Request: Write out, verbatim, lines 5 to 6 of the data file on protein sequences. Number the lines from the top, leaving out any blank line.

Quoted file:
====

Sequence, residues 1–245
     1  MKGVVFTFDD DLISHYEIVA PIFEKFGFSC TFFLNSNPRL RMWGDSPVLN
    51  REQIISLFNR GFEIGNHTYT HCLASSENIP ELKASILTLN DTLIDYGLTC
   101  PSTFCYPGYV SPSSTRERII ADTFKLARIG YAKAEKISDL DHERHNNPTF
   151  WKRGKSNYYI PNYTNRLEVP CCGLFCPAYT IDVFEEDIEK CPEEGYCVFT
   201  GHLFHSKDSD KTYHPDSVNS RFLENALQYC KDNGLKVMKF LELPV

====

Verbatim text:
   151  WKRGKSNYYI PNYTNRLEVP CCGLFCPAYT IDVFEEDIEK CPEEGYCVFT
   201  GHLFHSKDSD KTYHPDSVNS RFLENALQYC KDNGLKVMKF LELPV